Delegation OF FUNCTIONS by the Sovereign
Delegation OF FUNCTIONS by the Sovereign to Counsellors of StaTE in case of partial incapacity or of absence from United KingdOM: proposed amendments BY Government of the United Kingdom: whether request and consent of Australia required
Regency Act 193 7 (U.K.) (1 Edw. 8 & 1 Geo. 6 c. 16) ss 2(1),2(2), 6: Statute of Westminster 1931 (U.K.) (22 & 23 Geo. V c. 4) s 4
- The Government of the United Kingdom proposed to amend section 6 of the Regency Act, in order to remove some practical defects in the provision made by the Act for the delegation by the Sovereign to Counsellors of State, in case of his partial incapacity or of his absence from the United Kingdom, of some of his functions. In my opinion the Act as it stands does not extend to Australia as part of the law thereof. The proposed amendments will likewise not so extend. I think there is nothing either in the established constitutional conventions or in the Statute of Westminster 1931 which requires the request or consent of Australia in respect of the proposed amendments.
- The very fact however that the Regency Act does not extend to Australia creates a position that may be worthy of some attention. The matter is considered further in paragraph 7 below.
- Neither the Regency Act nor the proposed alteration deals with the succession to the throne, or with the royal style and titles. The convention set out in paragraph 2 of the preamble to the Statute of Westminster is therefore inapplicable.
- The operation of section 4 of the Statute of Westminster must next be considered. In the Regency Act there is no recital that any single Dominion has requested and consented to its enactment. Unless therefore the Act is treated as impliedly repealing section 4 of the Statute of Westminster, the law is that the Act ‘shall not extend or be deemed to extend’ to any Dominion as part of the law thereof. But there is no ground for treating the Regency Act as intended to override the Statute of Westminster. Its terms are perfectly general. Express provision is indeed made (by section 2(2)) for communicating to the Governments of the Dominions and India a declaration under section 2(1) of the Sovereign’s total incapacity. But this is in no way inconsistent with the view that the Act does not operate of its own force in any Dominion. The fact that in section 2(2) India is linked with the Dominions strongly suggests that the provision has nothing at all to do with the Statute of Westminster.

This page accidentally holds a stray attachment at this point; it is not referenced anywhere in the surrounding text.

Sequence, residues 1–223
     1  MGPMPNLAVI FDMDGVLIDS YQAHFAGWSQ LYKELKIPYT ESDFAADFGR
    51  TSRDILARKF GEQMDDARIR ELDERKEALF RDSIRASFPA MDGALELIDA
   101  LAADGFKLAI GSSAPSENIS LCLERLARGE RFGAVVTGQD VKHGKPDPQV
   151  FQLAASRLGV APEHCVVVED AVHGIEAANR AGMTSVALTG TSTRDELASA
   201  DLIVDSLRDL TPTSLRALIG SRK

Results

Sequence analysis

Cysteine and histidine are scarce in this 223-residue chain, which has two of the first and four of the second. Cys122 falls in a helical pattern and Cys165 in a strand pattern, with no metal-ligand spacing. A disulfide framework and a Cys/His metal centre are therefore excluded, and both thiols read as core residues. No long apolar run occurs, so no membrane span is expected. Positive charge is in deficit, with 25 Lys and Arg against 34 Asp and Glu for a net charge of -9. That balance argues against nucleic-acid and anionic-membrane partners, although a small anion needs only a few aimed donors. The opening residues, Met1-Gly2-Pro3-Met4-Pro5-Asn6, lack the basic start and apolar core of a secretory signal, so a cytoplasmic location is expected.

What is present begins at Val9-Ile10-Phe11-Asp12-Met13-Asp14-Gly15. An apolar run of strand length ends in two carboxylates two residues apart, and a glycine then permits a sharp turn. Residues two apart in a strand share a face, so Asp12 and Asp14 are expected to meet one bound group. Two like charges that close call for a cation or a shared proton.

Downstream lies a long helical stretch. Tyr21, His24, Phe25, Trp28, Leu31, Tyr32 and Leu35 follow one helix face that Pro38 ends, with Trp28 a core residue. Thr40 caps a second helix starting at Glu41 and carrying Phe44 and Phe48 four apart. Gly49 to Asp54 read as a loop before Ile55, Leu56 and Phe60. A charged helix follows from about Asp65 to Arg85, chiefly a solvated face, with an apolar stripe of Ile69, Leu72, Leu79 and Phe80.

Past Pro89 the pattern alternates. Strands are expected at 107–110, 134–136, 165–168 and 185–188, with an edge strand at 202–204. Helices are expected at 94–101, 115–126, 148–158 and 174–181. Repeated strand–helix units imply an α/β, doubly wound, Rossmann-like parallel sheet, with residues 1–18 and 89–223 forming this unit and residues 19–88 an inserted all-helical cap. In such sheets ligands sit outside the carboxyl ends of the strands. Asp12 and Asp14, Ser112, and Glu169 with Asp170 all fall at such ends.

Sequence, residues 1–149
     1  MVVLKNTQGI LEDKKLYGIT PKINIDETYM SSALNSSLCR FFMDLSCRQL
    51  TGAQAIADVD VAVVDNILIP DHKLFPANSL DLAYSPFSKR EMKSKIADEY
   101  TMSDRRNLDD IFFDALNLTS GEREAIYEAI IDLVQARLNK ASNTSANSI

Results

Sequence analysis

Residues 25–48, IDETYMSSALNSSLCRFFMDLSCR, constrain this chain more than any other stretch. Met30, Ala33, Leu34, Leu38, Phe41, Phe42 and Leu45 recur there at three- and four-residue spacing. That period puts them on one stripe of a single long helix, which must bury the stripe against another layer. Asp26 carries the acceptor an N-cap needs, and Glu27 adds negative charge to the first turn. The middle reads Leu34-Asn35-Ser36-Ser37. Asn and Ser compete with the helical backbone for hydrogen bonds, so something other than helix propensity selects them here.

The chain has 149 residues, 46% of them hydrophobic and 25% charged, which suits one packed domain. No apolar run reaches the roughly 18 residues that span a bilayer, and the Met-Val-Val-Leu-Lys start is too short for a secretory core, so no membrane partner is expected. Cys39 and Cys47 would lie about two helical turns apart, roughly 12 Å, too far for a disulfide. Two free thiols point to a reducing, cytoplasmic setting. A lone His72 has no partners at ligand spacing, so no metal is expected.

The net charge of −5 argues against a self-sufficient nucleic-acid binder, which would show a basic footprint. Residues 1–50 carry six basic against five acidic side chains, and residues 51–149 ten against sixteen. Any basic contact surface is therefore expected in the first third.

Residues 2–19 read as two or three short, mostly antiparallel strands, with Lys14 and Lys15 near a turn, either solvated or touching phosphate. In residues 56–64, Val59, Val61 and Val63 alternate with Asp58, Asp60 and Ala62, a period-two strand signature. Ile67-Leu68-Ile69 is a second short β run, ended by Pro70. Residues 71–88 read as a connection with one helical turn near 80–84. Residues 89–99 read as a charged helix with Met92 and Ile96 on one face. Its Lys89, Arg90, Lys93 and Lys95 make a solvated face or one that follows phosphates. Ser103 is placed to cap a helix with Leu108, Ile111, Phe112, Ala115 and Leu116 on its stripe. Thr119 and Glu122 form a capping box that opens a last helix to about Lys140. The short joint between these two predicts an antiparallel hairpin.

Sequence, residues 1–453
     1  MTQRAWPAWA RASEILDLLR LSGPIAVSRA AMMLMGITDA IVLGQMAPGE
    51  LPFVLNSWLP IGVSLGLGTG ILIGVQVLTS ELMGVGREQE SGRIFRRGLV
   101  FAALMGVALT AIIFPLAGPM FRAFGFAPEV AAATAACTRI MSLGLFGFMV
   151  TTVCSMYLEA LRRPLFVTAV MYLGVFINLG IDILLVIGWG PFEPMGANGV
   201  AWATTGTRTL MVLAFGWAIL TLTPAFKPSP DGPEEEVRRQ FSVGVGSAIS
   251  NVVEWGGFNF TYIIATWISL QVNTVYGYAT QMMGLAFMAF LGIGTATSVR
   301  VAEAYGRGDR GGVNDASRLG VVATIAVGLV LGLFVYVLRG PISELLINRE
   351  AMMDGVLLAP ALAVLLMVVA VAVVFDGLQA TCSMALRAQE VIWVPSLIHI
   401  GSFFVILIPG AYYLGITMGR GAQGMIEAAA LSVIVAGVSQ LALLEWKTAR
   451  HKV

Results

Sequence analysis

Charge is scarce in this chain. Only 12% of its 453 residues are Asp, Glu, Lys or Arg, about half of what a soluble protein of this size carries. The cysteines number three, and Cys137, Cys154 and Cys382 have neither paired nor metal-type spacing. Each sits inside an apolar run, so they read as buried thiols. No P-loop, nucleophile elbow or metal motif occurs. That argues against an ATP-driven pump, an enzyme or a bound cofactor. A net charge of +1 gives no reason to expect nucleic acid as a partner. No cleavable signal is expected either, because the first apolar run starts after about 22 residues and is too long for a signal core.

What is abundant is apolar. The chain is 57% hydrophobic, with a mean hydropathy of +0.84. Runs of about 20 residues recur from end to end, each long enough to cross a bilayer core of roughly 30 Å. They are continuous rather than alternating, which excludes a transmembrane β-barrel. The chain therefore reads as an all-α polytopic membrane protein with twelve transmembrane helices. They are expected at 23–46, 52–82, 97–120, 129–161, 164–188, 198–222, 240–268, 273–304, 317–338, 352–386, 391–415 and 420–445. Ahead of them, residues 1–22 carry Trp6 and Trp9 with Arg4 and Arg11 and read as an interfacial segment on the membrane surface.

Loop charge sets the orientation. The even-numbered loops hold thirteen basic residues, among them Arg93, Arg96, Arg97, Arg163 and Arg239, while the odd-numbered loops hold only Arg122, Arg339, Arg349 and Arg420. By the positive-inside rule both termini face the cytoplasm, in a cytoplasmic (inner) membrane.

- The operation of the Regency Act was discussed by Mr. David Maughan, K.C., in an article in the Australian Law Journal in 1939 (13 A.L.J. at page 159).(1) Mr. Maughan does not express a concluded opinion on the point discussed above, though he does I think incline to the view that the Act should be construed as applying to all the Dominions. Mr. Maughan mentions the fact however that when the Regency Act was under discussion ‘the view of the Imperial Government was that each Dominion Government could if it wished pass legislation through its own Parliament dealing with the question of a regent’.
- This point was explicitly made by the Home Secretary in the House of Commons (See Official Report Parliamentary Debates, 5th Series, volume 319, columns 1452 to 1453 and 1853). The Imperial Government expressly took the same view as that stated in paragraph 4 above—i.e. that the Act does not, as it stands, extend to a Dominion.
- Mr. Maughan remarks that under the existing Commonwealth Constitution the Parliament could not pass a Regency Act of its own, since regency is not one of the heads of Commonwealth power. It is perhaps a matter for speculation whether the power with respect to ‘external affairs’ would permit such an Act. But it would probably be better for the Australian Parliament to request and consent to the enactment by the Parliament of the United Kingdom of a measure extending to Australia the provisions of the Regency Act. This however is a matter entirely distinct from the amendments that are now proposed.
[Vol. 35, p. 299]
(1) Maughan, D ‘The Statute of Westminster’ (1939) 13 Australian Law Journal 152.